Research limitations/implications

PDO products are key assets of a growing relevance for the European agri-food industry and consumer education is at the very core of the PDO labelling system. By law, the Consortia are in charge of the crucial task of communicating to customers. This research suggests that the communication of PDO is a complex activity that requires a careful choice of the right communication mix. Different patterns are driven by specific logic and are suitable for Consortia with different characteristics. Future research could complete the results of this study using a qualitative analysis of the content of communication activities. Caution should be used when generalising these findings to markets that present relevant differences in consumer food culture.

Practical implications

This research identifies some possible communication mixes that managers of the Consortia can adopt to promote PDO products and some options that can guide the development of their communication activities over time.

Originality/value

This work adds value to the literature on food marketing, and more specifically on food communication, by analysing the yet underexplored issue of how PDO products can be promoted in the “post-modern” food consumption era.

Details

British Food Journal, vol. 122 no. 2
Type: Research Article
ISSN: 0007-070X

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Article
Publication date: 9 November 2010

K. Prakash Vel and Ricky Sharma

The choice of a well‐planned integrated marketing communication (IMC) strategy is crucial for the successful launch of an event. This paper is a case‐study based…

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9572

Abstract

Purpose

The choice of a well‐planned integrated marketing communication (IMC) strategy is crucial for the successful launch of an event. This paper is a case‐study based description of how a brand management consultancy house, TMC, used IMC to launch a world music festival event in Abu Dhabi, UAE, in 2009, registering a visitorship of five‐times their target, 89 per cent satisfaction and a staggering 99 per cent of the visitors planning to visit the festival again in 2010.

Design/methodology/approach

A literature review on event marketing, megamarketing and integrated marketing communications is conducted to illustrate the challenges involved in launching communication campaigns in the marketing of events. Primary research was conducted by way of in‐depth interviews with TMH and the case study is developed based on the information furnished.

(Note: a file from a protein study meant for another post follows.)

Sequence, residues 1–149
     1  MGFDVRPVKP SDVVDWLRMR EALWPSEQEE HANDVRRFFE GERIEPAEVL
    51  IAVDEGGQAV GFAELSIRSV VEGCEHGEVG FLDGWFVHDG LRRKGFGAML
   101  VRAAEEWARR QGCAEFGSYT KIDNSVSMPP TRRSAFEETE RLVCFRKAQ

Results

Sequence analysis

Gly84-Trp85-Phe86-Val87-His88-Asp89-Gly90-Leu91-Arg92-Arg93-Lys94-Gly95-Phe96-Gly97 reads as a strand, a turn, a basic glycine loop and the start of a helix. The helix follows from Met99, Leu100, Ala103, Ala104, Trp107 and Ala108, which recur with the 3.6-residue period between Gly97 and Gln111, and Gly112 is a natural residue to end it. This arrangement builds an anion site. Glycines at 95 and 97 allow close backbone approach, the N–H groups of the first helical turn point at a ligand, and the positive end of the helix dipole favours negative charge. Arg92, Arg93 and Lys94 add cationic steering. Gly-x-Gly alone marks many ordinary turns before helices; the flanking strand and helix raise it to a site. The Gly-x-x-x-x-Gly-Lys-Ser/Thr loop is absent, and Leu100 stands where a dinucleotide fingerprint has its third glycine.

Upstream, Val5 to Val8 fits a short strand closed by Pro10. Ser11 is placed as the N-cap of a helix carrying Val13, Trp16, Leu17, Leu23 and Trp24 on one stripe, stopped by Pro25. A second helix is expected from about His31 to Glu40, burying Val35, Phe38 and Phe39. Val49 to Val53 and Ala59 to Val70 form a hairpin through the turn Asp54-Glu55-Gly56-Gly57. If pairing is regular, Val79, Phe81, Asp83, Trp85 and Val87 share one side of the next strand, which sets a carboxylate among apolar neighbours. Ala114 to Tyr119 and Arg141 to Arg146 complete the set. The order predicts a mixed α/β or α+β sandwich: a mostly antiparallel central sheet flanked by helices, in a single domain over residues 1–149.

Findings

Event marketing requires the support of a well‐crafted IMC plan to realise the objectives set for the event. This paper brings out the role of public relations, direct marketing, social media networking, advertising and media planning in the IMC campaign launched by a brand management consultancy house and how it successfully achieved the objectives for the event.

Practical implications

Traditional communication media may not be sufficient to succeed in the current media clutter and over‐communicated market place. In this context, social networking media are emerging as a new media type and are an important addition to the current media. Understanding the target audience and preparing a customised media mix involving traditional and modern media may have a synergistic effect on end results.

Originality/value

The paper provides the marketers with an IMC perspective to analyse traditional and emerging media types and integrate them with a communications plan to optimise end results. In particular, the paper brings out the need for total customisation of media mix for different market conditions.

Details

Business Strategy Series, vol. 11 no. 6
Type: Research Article
ISSN: 1751-5637

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Article
Publication date: 1 April 2001

John M.T. Balmer

Outlines 15 explanations for the fog which has enveloped the nascent domains of corporate identity and corporate marketing. However, the fog surrounding the area has a…

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43886

Abstract

Outlines 15 explanations for the fog which has enveloped the nascent domains of corporate identity and corporate marketing. However, the fog surrounding the area has a silver lining. This is because the fog has, unwittingly, led to the emergence of rich disciplinary, philosophical as well as “national”, schools of thought. In their composite, these approaches have the potential to form the foundations of a new approach to management which might be termed “corporate marketing”. In addition to articulating the author’s understanding of the attributes regarding a business identity (the umbrella label used to cover corporate identity, organisational identification and visual identity) the author outlines the characteristics of corporate marketing and introduces a new corporate marketing mix based on the mnemonic “HEADS”[2]. This relates to what an organisation has, expresses, the affinities of its employees, as well as what the organisation does and how it is seen by stakeholder groups and networks. In addition, the author describes the relationship between the corporate identity and corporate brand and notes the differences between product brands and corporate brands. Finally, the author argues that scholars need to be sensitive to the factors that are contributing to the fog surrounding corporate identity. Only then will business identity/corporate marketing studies grow in maturity.